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Were you prepared for life after sports and what would you do differently while you were in school?

Delles Howell

Grambling State University
NFL Veteran
Director of Parks and Recreation, Pastor

When I was in college back in the 60s, I really needed more counseling that would have prepared me for my professional life. I received great classroom, academic, and athletic training, but when I entered the NFL they didn’t have all the assistance that they do today to help players prepare for the future. Universities can do more to assist student athletes with preparation for their lives and careers after sports. Counseling and support should begin when students are being recruited in high school.

Katherine Graham

Louisiana State University
Women’s Basketball
College Coach

No. There were a lot of things I was not prepared for because everything was taken cause of for us as athletes. I would do it all over again, but I would seek more opportunities to get involved in campus activities (sororities, job fairs, student organizations etc.) In college you have a prime opportunity to network with other students who will one day be CEO's, doctors, lawyers, etc and I wish I would have built more relationships outside of other athletes while I had the opportunity.

Raja Bell

Florida International Univ.
NBA Veteran
Host of NBA Crossover and Choppin it Up

I was semi prepared for the real world. I didn't have a plan set in stone... I knew a couple things that I would be interested in trying. Transition wasn't that difficult. Finding ways to channel competitive nature was a key... golf, team mamba. I would have definitely networked better while I was still playing.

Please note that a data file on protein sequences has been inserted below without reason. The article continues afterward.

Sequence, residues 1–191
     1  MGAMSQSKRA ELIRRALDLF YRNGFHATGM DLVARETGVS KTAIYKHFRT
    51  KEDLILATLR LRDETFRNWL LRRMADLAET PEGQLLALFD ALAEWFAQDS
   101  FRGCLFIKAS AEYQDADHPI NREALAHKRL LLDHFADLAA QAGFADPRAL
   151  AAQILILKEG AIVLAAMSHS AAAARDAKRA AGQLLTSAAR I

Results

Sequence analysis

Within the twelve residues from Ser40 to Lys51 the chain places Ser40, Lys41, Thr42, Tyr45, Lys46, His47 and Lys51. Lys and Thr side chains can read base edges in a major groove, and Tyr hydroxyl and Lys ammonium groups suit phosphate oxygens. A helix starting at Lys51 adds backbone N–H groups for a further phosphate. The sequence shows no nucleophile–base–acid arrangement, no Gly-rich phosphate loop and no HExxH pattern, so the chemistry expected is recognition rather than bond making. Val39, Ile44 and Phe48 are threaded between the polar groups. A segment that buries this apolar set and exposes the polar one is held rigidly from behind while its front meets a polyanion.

Tombi Bates

University of Florida
Women’s Basketball
Physical Education Teacher, NCAA Women's Collegiate Basketball Official

No, I don't feel I was as prepared as I should've been. I knew what I wanted to do as a career, however, I didn't have a plan as how to obtain that position. Which in rerun made my transition somewhat difficult. I experienced both success along with a few struggles. I struggled with now that my career ended, I didn't know how to be a "normal" person. Throughout my college career we were so well taken care of that adjusting to everyday real life was a bit difficult. Luckily, I received an offer to join the staff of the assistant coach that recruited me. If I had to do it over again I would focus more on my academics and less on athletics. Although I appreciated the opportunity to play basketball at the highest level, I now understand that the student part outweighs the athlete part significantly. I wouldn't have allowed myself to be discouraged from my initial career due to possible schedule conflicts between classes & practices.

Gregory Hill

Louisiana State University
Oil Field

No I wasn't prepared for the real world. I didn't have a plan and my transition was very difficult! Yes, I would do a lot of things differently. I would schedule my own classes, not trust and depend on the coaches as much as I did, do things for myself and pay more attention to my academics!